Fulks makes for nearly a perfect night of music
The Knitting Factory, Hollywood, Cal., Sept. 15, 2001
By Dan MacIntosh
HOLLYWOOD, CA - Robbie Fulks is a tall and lanky fellow, and he makes a nerdy kind of country music; something like Ben Folds would sound like, if he'd idolized Hank Williams, rather than Elton John.
At a time when even Madonna concerts have become politicized, Fulks never once pandered to America's new wave of patriotism during his set. Instead, he danced with the sometimes-bizarre musical partners that brought him to the forefront of alt.-country.
He may appear a little on the strange side when performing such oddball offerings as "Wedding of the Bugs," but he also has a keen observer's eye for the oddities of others. This was especially displayed with "Roots Rock Weirdos," where he half-sung; half acted out a response to plethora of time-warped '50's music fans littering today's musical landscape. At one point, he asked how these overly tattooed ones even go back to work in the morning after a show.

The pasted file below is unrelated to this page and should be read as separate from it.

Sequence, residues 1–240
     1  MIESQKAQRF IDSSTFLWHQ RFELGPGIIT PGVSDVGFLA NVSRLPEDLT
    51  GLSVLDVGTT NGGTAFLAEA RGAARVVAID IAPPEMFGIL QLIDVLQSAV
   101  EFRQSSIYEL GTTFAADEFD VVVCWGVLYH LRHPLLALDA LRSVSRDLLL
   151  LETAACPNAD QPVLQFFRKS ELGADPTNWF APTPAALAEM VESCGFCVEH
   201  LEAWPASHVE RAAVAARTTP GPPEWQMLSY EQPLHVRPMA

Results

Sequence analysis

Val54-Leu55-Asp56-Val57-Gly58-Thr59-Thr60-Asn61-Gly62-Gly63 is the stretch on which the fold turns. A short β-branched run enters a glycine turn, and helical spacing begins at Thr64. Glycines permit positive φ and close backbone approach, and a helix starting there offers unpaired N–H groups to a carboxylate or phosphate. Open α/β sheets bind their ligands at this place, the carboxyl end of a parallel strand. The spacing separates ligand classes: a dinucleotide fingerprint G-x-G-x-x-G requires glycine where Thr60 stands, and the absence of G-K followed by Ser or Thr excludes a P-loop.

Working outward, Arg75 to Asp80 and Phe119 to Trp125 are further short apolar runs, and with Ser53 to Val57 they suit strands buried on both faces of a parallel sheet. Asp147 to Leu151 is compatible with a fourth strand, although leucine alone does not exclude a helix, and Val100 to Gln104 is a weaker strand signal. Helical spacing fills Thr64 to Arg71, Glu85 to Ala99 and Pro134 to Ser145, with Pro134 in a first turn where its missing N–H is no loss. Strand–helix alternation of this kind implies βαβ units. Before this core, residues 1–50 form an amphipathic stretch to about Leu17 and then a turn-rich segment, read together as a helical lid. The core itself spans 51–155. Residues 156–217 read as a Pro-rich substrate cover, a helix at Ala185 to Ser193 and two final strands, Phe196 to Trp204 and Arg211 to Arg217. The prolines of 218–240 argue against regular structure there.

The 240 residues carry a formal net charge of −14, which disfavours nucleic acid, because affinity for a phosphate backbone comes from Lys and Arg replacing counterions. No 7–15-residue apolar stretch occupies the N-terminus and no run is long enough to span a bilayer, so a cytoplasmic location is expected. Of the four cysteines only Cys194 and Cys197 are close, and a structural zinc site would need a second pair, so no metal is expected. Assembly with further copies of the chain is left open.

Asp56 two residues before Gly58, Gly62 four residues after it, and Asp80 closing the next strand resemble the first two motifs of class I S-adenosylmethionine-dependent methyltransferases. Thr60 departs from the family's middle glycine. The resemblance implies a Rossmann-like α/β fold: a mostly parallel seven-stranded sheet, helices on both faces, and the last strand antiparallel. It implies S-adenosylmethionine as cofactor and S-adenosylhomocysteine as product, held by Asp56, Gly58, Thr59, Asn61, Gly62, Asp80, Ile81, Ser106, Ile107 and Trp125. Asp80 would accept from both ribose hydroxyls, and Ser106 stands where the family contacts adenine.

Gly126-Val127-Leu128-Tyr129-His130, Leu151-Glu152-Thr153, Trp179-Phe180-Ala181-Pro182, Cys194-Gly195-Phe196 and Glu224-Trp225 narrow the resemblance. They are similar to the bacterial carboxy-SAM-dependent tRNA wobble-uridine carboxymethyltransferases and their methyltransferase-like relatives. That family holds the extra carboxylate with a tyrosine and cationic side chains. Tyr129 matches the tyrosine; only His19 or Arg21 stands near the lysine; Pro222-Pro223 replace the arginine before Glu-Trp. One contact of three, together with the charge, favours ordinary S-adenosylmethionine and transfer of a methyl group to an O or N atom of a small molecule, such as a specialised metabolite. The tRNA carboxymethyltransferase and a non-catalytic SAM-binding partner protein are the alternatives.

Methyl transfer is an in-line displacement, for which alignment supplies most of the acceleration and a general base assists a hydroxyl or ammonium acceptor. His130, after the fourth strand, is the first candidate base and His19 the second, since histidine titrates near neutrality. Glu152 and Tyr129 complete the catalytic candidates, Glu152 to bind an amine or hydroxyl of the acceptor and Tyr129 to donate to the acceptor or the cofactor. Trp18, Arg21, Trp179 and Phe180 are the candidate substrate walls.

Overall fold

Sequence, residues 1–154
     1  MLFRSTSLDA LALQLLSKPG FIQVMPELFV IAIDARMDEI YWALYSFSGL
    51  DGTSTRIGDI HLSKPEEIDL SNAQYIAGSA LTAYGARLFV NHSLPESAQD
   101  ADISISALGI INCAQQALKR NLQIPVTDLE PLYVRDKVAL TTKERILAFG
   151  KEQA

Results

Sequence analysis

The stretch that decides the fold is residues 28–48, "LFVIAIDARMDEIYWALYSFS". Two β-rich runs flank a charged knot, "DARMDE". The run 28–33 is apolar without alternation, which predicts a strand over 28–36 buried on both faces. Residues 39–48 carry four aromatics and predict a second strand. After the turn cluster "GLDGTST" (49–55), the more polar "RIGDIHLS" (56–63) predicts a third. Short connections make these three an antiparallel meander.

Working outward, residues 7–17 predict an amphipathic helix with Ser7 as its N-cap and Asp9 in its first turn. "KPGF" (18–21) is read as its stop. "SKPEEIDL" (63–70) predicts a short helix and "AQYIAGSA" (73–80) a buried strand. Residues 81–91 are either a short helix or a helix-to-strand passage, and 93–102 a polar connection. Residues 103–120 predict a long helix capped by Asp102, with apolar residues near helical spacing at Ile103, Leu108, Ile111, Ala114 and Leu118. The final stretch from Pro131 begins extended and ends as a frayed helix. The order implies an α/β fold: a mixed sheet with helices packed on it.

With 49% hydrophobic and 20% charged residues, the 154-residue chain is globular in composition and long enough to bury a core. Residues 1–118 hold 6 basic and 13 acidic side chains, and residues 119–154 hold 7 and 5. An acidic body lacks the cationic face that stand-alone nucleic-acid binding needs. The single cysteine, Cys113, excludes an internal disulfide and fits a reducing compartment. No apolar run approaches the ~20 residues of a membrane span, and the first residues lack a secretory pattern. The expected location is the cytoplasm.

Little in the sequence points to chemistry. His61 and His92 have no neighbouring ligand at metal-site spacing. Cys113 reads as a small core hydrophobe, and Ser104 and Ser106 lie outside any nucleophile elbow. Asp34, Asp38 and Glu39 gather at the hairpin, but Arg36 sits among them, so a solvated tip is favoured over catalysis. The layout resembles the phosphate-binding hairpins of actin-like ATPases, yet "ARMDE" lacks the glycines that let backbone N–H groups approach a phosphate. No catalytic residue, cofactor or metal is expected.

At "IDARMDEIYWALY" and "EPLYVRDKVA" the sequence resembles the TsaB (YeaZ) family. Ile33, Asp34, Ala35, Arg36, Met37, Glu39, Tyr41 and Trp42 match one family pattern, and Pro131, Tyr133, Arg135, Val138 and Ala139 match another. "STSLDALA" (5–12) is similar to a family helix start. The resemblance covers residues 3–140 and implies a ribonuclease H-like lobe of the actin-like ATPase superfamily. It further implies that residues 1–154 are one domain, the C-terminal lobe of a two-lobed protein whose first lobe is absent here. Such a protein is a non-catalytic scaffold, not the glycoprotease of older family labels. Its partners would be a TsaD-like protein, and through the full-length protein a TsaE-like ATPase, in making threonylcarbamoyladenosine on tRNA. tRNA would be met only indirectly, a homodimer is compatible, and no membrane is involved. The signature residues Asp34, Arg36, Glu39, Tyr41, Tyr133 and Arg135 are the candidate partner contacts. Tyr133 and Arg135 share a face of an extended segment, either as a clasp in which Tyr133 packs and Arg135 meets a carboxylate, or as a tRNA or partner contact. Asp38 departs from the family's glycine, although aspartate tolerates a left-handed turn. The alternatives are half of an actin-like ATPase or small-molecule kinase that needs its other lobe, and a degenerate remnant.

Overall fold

Fulks may play the clown, but as exemplified by his cover of "Cocktails" and his fine down home singing on "Parallel Bars," he certainly knows his way around a real country song.
But his new "Mad At A Girl" and older "Caroline" showed him to be equally comfortable with classic pop sounds as well.
Except for his hilarious half attempt at "4th Of July" (with its writer, Dave Alvin, in the house doubling over in laughter) Fulks paced his late night set perfectly, with hardly a moment to breathe between songs.
Fulks has trouble fitting neatly into any musical category, the same way most tall guys have trouble fitting into clothes. But this was a night without boundaries or the fashion police, which made for nearly a perfect night of music.